FBI Director James Comey testifies before a House committee Sept. 28, 2016.

While establishment media seized on Donald Trump’s “fat-shaming” of Miss Universe 20 years ago, and Trump himself added fuel to the fire, there were further revelations this week in the ongoing scandal of Hillary Clinton’s use of a non-secure private email server and her handling of classified information bolstering the charge that the former secretary of state should have been prosecuted.

Early Friday morning, Trump escalated the controversy Hillary Clinton launched during the first presidential debate Monday night, sending out middle-of-the-night tweets in response to accusations he made insensitive remarks about the looks and ethnicity of Alicia Machado, a native of Venezuela who was crowned Miss Universe in 1996, when Trump was co-owner of the pageant.

Trump wrote in a tweet sent at 2:14 a.m.: “Using Alicia M in the debate as a paragon of virtue just shows that Crooked Hillary suffers from BAD JUDGEMENT! Hillary was set up by a con.”

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Clinton responded: “What kind of man stays up all night to smear a woman with lies and conspiracy theories?”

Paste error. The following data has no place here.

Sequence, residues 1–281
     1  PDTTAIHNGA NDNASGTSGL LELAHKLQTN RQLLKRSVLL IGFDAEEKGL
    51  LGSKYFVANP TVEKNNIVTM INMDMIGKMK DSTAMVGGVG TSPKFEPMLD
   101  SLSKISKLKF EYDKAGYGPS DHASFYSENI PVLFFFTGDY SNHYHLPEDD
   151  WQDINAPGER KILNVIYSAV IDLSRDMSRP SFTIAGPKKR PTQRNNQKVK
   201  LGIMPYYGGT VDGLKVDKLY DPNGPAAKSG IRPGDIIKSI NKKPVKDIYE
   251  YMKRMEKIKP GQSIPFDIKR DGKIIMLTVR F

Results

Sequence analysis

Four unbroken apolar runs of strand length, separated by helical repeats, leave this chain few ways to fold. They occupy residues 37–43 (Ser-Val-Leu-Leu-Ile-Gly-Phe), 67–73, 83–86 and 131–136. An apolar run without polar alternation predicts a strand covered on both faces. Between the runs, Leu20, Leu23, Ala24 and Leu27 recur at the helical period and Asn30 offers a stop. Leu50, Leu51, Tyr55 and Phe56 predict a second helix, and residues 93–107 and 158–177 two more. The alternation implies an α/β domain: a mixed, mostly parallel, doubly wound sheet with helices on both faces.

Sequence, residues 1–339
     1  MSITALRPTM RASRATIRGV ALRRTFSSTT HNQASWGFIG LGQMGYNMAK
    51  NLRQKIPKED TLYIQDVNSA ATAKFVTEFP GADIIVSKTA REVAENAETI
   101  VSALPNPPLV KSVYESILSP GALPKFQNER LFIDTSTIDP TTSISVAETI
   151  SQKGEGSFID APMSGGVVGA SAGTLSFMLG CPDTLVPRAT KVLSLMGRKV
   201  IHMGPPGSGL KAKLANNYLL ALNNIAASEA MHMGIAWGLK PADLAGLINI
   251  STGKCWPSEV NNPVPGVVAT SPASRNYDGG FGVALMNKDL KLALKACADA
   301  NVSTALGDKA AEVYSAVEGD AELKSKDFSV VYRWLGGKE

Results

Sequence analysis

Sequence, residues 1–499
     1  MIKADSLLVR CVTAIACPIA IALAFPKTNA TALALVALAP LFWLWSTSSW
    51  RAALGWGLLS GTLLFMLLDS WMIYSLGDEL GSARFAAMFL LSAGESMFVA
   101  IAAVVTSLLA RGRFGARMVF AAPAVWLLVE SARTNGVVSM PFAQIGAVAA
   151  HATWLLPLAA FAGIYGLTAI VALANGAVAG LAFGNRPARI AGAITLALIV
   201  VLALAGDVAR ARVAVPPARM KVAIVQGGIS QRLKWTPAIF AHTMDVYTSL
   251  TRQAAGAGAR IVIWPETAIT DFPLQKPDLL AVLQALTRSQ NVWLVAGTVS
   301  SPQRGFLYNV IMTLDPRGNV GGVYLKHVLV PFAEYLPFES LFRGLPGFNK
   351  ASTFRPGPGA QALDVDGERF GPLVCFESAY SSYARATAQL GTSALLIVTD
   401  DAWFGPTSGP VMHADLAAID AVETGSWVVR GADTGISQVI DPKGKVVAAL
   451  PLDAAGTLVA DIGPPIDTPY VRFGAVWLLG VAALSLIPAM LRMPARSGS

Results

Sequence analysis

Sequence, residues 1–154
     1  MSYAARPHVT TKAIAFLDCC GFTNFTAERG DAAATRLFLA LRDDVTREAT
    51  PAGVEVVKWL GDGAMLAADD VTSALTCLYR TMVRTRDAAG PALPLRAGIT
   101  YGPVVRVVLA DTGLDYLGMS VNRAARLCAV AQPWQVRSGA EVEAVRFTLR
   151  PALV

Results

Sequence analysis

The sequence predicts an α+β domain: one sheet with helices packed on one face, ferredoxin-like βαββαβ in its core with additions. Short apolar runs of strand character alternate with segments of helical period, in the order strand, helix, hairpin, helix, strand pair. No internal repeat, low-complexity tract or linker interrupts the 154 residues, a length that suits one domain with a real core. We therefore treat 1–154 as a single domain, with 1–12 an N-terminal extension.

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Meanwhile, in oversight hearings before the Senate on Tuesday and the House on Wednesday, FBI Director James Comey was confronted with evidence that he let Clinton off the hook when he chose not to refer charges to the attorney general regarding her illegal use of a non-secure email server for State Department business and her mishandling of classified information.

Rep. Trey Gowdy, R-S.C., argued that the federal statute concerning mishandling of classified information does not require the demonstration of intent, as Comey has insisted. Prosecutors need only to show “gross negligence,” which is how Comey described Clinton’s handling of classified information when he announced in July that he had decided not to refer charges.